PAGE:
Binding Third-Party Objective-C Libraries in Xamarin.iOS
Third-party libraries are great. They cut down on the development time significantly by allowing developers not to have to worry about building certain things, like a custom UI control. Unfortunately, many of these controls are written in Objective-C. However, this isn’t a deal breaker for those developing iOS apps in C# with Xamarin, because we have something known as bindings that allow us to reproduce libraries in C# in a minimal amount of time.
People often don’t realize the simplicity (on the user-side) of binding a third-party library. When working with smaller libraries, it is possible to bind them without really any Objective-C knowledge, which comes to a surprise to most. This wasn’t true until recently. Xamarin recently announced the release of Objective Sharpie, a tool that does all the heavy lifting that would normally accompany the binding process. Sometimes, I feel like we make things much harder in the software world than they need to me. It isn’t really required to have an extensive knowledge of how the binding process works or be a NSHipster to bind simple things (though it would certainly be helpful to learn these things). In larger libraries, things can get complicated fast, but for the majority of UI-related libraries, as well as smaller SDKs, you can bind these on your own with little to no Objective-C knowledge. Many times, it can be done in as little as fifteen minutes, especially because the process is pretty reproducible once you get it down.
Binding vs. Converting
One important distinction to be made is that it may be in your best interest to convert a particular library to C# and Xamarin.iOS, rather than bind it. There are certain strengths of each approach, as well as particular circumstances when each technique is particularly useful!
- Little to no Objective-C knowledge
- Quick and straightforward
- Less customization
- Objective-C knowledge
- More customization
Another helpful technique is to bind the library first, and then convert the library to C# such that the API definitions are the same, so you can seamlessly integrate the C# version into your application. This approach allows you to get a library up and running quickly in Xamarin.iOS, and then grant yourself more control and customization with with a C# version later.
Things to Remember
- This guide doesn’t really target those trying to create Android bindings, but Xamarin does have a doc detailing the process quite nicely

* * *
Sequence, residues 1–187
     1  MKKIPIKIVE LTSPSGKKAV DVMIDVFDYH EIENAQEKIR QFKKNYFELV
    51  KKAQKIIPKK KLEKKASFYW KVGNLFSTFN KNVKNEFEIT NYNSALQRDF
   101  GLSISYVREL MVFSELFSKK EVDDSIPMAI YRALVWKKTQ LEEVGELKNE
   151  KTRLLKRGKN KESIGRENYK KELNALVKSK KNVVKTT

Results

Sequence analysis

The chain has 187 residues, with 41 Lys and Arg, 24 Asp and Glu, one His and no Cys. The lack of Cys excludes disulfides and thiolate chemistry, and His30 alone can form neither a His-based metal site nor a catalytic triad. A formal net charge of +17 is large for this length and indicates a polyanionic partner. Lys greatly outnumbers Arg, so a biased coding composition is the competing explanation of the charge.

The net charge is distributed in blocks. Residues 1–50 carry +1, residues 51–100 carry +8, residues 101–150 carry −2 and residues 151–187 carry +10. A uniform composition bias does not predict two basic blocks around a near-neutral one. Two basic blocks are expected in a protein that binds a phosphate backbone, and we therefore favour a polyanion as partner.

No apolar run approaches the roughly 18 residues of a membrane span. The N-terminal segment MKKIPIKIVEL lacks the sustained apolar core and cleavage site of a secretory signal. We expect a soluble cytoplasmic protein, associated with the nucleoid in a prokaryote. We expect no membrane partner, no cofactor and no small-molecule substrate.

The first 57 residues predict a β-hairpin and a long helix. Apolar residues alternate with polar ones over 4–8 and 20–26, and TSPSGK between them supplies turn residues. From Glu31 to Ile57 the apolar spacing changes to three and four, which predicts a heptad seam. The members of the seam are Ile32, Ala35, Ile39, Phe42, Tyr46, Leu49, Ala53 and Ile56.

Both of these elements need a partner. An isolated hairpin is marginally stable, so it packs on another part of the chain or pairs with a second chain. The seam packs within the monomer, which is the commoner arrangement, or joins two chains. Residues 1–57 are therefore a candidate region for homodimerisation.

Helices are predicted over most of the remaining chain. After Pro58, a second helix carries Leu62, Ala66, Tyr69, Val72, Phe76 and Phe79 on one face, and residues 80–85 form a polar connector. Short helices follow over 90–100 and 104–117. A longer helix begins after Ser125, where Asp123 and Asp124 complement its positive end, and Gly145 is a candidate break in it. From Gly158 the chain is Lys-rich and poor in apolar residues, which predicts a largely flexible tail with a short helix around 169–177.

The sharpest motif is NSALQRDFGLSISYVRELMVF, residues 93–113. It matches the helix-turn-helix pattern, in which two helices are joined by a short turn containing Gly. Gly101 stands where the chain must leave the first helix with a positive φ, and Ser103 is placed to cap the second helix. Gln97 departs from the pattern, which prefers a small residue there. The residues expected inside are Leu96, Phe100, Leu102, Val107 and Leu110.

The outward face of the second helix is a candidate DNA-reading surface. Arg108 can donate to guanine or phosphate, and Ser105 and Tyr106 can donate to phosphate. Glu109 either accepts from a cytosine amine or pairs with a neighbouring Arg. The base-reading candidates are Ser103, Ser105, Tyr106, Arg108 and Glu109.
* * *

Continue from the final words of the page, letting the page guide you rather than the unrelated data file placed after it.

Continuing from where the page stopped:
- This guide is targeted primarily towards beginners, especially those without much Objective-C knowledge
- The intended result is for you to be able to bind small libraries, nothing to complex (you have to start somewhere)
- The license for the project you are trying to build is permissive (something like MIT)
- The monotouch-bindings repository is always open for your contributions, big or small
- The Xamarin Component Store is waiting for your controls to be submitted! Just make sure the license is permissive, your control has been heavily tested, and that you’ve double-checked with the original author to make sure it’s okay
Let’s assume a few things before we started. First, I assume that the library you are trying to convert is fairly small (one or two classes). Second, I assume that you have at least an introductory level of knowledge of Xamarin.iOS. Finally, I assume that you have all of the latest updates and such from Xamarin.
Before we get started, there are also a few things I want to ensure we have downloaded:
- Objective Sharpie: This is the tool we use to generate bindings for our library
- Command Line Tools: Xcode -> Preferences -> Downloads
Once those are downloaded and installed, it’s time to pick a library to bind. QBFlatButton is a simple project that the rest of this tutorial is going to use. Certainly, you can bind more complex libraries, but I believe the library serves as a great starting point (without all the complexity).
Note: I’ll be adding a video tutorial later, but this was an in-demand tutorial, so I wanted to get it up ASAP!